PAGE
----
Maria Popova

Writer / United States / Brain Pickings

Maria Popova’s Notable Books of 2013

1 book
Irma Boom
Introduction by Rem Koolhaas
Text by Mathieu Lommen

“A book is proof that humans are capable of working magic,” Carl Sagan memorably asserted, and nowhere is the physical making of a book more akin to the making of magic than in the work of Dutch book designer and artist Irma Boom—the youngest-ever recipient of the prestigious Gutenberg Prize and a denizen of the permanent collection of the Museum of Modern Art, which includes more than 50 of her books. The Architecture of the Book is a design memoir of sorts that offers a complete overview of her work in 800 tiny pages that measure 1.75 inches by 2.15 inches.

Observing the rise of digital text and e-books, Boom defies the typical dystopian narrative of print-traditionalists and instead argues that the competition between these two media “encourages us to explore the intrinsic characteristics of the printed book more intensely.” Rather than a challenge, she sees in this an opportunity for a kind of Renaissance and argues that “we stand on the verge of a new flourishing of the classic book.”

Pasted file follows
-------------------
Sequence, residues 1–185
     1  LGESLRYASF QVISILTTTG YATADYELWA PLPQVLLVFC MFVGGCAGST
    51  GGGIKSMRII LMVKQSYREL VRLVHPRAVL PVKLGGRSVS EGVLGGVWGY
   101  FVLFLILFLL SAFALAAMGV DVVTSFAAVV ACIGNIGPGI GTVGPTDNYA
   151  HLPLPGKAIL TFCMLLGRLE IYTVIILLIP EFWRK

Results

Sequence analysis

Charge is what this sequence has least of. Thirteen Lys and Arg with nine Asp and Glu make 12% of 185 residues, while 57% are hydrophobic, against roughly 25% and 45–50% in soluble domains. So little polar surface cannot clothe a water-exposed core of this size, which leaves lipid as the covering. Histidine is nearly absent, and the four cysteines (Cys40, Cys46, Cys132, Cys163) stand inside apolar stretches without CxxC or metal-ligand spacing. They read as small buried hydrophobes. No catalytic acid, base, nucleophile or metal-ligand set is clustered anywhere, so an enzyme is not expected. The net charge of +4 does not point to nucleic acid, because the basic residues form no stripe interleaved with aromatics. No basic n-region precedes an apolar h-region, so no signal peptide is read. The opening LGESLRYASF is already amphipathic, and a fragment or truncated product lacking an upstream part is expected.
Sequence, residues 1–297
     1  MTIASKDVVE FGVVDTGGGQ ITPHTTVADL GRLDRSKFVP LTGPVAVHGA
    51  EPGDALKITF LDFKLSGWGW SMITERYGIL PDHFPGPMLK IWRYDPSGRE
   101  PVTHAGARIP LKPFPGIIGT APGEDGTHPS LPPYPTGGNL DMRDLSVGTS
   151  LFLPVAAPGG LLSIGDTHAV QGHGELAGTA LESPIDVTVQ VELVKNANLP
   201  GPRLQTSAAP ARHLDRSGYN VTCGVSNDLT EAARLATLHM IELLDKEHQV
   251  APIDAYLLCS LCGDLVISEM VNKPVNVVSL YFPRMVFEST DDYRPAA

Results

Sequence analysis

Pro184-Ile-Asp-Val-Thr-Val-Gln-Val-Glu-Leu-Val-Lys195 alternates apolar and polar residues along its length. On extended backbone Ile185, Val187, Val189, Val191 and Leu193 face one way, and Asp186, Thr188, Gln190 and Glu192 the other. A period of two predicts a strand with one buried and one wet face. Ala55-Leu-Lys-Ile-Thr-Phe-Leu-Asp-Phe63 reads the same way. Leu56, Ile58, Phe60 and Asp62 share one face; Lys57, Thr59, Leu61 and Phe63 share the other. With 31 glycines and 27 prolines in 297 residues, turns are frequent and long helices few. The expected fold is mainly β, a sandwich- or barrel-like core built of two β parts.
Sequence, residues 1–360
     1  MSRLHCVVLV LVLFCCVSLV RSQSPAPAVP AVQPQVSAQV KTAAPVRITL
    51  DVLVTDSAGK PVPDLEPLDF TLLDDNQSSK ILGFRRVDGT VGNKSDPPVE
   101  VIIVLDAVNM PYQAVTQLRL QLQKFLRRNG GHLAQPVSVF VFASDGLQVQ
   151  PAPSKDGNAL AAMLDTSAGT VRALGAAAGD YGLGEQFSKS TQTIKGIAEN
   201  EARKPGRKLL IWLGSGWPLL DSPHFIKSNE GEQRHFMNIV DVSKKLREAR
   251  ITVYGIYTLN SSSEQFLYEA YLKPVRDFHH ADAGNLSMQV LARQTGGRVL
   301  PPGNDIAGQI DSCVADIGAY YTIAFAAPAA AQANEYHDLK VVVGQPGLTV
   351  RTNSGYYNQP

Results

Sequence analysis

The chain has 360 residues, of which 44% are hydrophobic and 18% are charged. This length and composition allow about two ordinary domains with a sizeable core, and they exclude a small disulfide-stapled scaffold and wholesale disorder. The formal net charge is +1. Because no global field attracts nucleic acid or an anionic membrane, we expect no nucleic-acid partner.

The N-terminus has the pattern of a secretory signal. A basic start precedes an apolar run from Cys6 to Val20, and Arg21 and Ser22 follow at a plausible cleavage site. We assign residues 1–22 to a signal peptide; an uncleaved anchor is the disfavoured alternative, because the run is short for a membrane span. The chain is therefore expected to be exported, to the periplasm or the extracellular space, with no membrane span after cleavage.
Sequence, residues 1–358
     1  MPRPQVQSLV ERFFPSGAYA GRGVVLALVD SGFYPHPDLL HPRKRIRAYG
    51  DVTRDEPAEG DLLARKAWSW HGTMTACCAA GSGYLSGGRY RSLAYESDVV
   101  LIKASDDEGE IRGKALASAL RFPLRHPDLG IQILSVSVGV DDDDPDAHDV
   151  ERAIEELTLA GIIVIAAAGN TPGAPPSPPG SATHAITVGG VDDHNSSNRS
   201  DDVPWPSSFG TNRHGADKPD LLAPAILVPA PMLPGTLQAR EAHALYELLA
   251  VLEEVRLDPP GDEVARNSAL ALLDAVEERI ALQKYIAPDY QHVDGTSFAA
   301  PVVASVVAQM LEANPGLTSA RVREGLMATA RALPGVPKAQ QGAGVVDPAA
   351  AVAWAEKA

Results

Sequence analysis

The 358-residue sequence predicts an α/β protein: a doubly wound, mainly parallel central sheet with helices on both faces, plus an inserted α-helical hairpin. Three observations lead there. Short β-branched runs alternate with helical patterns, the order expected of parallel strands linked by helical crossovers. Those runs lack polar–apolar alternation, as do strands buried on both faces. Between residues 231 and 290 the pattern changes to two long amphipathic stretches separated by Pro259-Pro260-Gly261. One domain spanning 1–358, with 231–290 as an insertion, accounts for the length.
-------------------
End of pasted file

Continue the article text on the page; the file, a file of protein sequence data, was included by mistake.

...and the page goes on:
And, indeed, what Boom has created here is a micro-manifesto for the printed book at its most alive. In an era when e-books boast interactivity and responsiveness as an advantage over the static printed page, Boom reverses this proposition. Her books, while physical, are highly interactive—they offer a reason for reflection and bear a responsive relationship between the content and the empathic form, the former always dictating the latter. For, as Susan Sontag wrote in her diary, “all great art contains at its center contemplation, a dynamic contemplation”—and what Boom brings to the book is precisely this: a dynamic contemplation.

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